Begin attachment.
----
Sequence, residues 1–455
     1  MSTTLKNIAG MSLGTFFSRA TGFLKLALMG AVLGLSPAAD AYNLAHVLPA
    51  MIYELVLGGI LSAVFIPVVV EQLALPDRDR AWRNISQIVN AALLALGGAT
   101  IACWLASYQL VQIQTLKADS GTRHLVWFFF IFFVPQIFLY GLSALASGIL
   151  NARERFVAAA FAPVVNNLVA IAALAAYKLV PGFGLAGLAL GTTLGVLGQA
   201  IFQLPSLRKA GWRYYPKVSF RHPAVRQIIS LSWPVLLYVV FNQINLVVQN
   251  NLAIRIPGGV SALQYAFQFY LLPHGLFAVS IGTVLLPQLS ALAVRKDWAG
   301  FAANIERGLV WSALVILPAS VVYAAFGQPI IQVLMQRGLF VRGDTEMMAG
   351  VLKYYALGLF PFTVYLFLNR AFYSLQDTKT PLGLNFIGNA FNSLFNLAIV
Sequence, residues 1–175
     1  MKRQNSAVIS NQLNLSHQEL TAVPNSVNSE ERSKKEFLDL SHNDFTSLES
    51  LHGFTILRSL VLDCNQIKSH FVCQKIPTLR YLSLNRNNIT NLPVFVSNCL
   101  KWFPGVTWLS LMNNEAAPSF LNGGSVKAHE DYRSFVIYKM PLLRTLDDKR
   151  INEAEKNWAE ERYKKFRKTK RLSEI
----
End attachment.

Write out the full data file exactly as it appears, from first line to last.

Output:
Sequence, residues 1–455
     1  MSTTLKNIAG MSLGTFFSRA TGFLKLALMG AVLGLSPAAD AYNLAHVLPA
    51  MIYELVLGGI LSAVFIPVVV EQLALPDRDR AWRNISQIVN AALLALGGAT
   101  IACWLASYQL VQIQTLKADS GTRHLVWFFF IFFVPQIFLY GLSALASGIL
   151  NARERFVAAA FAPVVNNLVA IAALAAYKLV PGFGLAGLAL GTTLGVLGQA
   201  IFQLPSLRKA GWRYYPKVSF RHPAVRQIIS LSWPVLLYVV FNQINLVVQN
   251  NLAIRIPGGV SALQYAFQFY LLPHGLFAVS IGTVLLPQLS ALAVRKDWAG
   301  FAANIERGLV WSALVILPAS VVYAAFGQPI IQVLMQRGLF VRGDTEMMAG
   351  VLKYYALGLF PFTVYLFLNR AFYSLQDTKT PLGLNFIGNA FNSLFNLAIV
Sequence, residues 1–175
     1  MKRQNSAVIS NQLNLSHQEL TAVPNSVNSE ERSKKEFLDL SHNDFTSLES
    51  LHGFTILRSL VLDCNQIKSH FVCQKIPTLR YLSLNRNNIT NLPVFVSNCL
   101  KWFPGVTWLS LMNNEAAPSF LNGGSVKAHE DYRSFVIYKM PLLRTLDDKR
   151  INEAEKNWAE ERYKKFRKTK RLSEI